<area shape="rect" coords="29,261,131,278" href="/maps/campus/center.html" alt="Campus Center"/>
<area shape="rect" coords="29,245,131,260" href="/maps/campus/south.html" alt="South Campus"/>
This is a good example of something that should get alt-text but doesn't always get it. In order to be ATI compliant these must be included. Notice that the
area tags are set in a logical order, from left to right and top to bottom.
An image button is usually found in a form input of
type="image". Here is a typical image button:
The source for the image is specified with the src attribute of the input element:
<input type="image" src="images/searchbutton_icon.gif" alt="search" />
There are times when an image contains important information that must be described to blind users in order for them to understand it in context with other materials on the page. Sometimes a photo or other image may need a long description. More often such images consist of charts or graphs that represent tabular data. Here is an example of an image likely to require a
alt attribute is still required, but because it should be kept fairly short some other technique is needed to provide the extended description. This is where the
longdesc attribute is most useful. There are two ways of implementing
Embedding the long description inside the image tag works well if the description isn't too long and doesn't need special formatting. Using this method, the code for the above example would look like this:
<img src="accessibilityTutorials/imagery/images/total_impact.gif" width="413" height="290" alt="Pie chart of total impact of student and university expenditures" longdesc="Total Impact - University Expenditures: $614.9 million; Student Expenditures: $419.3 million"/>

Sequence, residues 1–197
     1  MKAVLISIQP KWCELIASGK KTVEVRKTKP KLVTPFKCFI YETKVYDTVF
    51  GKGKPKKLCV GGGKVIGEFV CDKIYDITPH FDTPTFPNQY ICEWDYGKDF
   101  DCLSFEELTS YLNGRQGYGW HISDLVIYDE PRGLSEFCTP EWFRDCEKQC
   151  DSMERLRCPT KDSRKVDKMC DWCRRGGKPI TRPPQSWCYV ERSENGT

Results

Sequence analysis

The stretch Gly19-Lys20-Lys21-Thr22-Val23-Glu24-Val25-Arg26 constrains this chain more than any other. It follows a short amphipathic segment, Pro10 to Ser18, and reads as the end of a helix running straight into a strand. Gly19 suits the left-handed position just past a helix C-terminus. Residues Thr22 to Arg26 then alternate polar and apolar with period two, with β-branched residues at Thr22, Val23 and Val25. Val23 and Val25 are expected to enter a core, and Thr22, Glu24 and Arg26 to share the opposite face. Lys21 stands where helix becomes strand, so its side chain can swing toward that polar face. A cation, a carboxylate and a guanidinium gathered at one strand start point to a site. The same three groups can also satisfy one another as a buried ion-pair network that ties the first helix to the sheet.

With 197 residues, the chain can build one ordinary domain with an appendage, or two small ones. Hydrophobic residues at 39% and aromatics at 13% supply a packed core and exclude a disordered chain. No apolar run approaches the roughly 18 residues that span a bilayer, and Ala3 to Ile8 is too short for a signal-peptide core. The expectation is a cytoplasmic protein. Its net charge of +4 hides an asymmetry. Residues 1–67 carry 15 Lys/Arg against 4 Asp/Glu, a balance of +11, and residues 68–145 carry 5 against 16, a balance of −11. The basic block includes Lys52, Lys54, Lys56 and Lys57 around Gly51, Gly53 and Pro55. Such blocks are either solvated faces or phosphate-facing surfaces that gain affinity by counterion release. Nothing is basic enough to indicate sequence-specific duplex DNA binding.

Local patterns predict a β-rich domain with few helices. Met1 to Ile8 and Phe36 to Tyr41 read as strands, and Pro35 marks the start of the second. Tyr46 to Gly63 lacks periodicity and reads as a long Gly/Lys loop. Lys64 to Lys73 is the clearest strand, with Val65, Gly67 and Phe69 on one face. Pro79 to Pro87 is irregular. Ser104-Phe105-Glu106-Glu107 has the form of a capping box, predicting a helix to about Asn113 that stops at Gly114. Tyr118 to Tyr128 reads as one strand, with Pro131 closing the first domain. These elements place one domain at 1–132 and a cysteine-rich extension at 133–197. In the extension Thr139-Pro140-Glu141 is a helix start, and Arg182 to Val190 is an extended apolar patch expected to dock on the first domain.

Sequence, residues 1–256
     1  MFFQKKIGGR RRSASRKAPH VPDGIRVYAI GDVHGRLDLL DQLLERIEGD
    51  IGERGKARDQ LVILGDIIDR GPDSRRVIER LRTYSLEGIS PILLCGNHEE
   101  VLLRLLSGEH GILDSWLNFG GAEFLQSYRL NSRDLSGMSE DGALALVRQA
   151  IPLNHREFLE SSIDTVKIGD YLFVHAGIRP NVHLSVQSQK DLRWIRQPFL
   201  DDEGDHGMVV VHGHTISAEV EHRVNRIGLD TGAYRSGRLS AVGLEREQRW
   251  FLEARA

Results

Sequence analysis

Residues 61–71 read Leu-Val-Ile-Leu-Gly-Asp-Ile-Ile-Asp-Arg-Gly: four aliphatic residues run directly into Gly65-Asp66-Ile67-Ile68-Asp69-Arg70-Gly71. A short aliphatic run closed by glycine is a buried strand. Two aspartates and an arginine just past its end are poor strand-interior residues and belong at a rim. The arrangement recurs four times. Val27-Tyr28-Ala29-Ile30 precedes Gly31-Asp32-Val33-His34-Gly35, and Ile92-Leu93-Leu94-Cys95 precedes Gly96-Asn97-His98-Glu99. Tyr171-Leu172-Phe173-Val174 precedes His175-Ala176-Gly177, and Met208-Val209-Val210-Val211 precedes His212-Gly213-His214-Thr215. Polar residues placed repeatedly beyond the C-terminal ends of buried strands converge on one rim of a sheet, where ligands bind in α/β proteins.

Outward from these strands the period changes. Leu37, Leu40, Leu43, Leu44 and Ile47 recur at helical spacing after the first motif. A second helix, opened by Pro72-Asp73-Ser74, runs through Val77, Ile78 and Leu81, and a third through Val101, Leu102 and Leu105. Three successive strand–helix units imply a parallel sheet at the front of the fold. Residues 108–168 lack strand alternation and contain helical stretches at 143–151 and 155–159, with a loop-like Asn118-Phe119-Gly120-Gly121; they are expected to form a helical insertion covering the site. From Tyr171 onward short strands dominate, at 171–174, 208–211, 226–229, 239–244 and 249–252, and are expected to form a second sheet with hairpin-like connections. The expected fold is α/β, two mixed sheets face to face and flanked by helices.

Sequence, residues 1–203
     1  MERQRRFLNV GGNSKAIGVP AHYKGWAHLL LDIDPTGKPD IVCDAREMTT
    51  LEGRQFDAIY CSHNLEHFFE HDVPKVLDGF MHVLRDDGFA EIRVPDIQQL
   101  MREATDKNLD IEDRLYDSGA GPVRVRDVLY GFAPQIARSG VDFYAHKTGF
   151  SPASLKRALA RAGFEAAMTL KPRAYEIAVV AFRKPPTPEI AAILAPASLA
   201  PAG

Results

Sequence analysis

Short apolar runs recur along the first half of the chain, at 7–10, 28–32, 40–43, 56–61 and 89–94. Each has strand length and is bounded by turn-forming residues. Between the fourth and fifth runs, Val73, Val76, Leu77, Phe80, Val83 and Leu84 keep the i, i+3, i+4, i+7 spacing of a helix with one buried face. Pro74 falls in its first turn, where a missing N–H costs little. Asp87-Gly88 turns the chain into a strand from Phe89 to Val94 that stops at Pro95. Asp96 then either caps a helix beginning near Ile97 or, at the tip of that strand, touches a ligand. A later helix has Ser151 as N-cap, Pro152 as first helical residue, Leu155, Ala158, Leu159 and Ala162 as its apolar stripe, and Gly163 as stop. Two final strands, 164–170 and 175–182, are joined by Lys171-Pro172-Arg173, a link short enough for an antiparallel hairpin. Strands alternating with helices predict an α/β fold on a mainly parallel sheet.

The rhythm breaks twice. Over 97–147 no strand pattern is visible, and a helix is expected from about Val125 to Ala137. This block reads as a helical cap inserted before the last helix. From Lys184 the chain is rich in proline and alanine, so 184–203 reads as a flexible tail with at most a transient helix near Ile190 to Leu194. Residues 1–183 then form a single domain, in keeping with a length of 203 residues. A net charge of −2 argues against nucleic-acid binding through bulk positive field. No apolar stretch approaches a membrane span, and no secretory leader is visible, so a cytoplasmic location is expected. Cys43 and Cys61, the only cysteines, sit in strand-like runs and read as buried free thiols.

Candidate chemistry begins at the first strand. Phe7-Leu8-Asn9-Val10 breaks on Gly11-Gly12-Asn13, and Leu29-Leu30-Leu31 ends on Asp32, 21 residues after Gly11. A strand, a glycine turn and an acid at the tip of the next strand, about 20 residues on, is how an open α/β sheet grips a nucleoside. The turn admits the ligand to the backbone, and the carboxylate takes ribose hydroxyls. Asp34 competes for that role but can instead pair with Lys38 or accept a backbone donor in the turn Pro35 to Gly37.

This is the best way to handle the example, since the data can be placed in a tab-delimited plain text file appropriate for screen reader access. Using this method, the code for the above example would look like this:
<img src="accessibilityTutorials/imagery/images/total_impact.gif" width="413" height="290" alt="Pie chart of total impact of student and university expenditures" longdesc="accessibilityTutorials/imagery/total_impact.txt"/>
…and here is what the linked text file looks like:
Total Impact University Expenditures: $614.9 million Student Expenditures: $419.3 million
An in-depth discussion of
londesc is available at http://www.webaim.org/techniques/images/longdesc.php
Sometimes you will have an icon image next to a text link. In that case the icon has contextual importance and needs a text equivalent.
The better thing to do in this case is to put each of those paragraphs in one anchor tag and give the image alt="". This is the only situation where an active image could have a null alt-text.
Background images were mentioned above. If you place an image in the background of a div for example and there is text embedded in the image, you must have a text equivalent on the page. This requires knowledge of Cascading Style Sheets and requires advanced knowledge of web design. If you use background images make sure they do not contain any text that is important to the content of the page. If you need help with this please contact your friendly neighborhood Webmaster.
altattribute conveying the information in the image.
longdescattribute when there is too much information to fit in the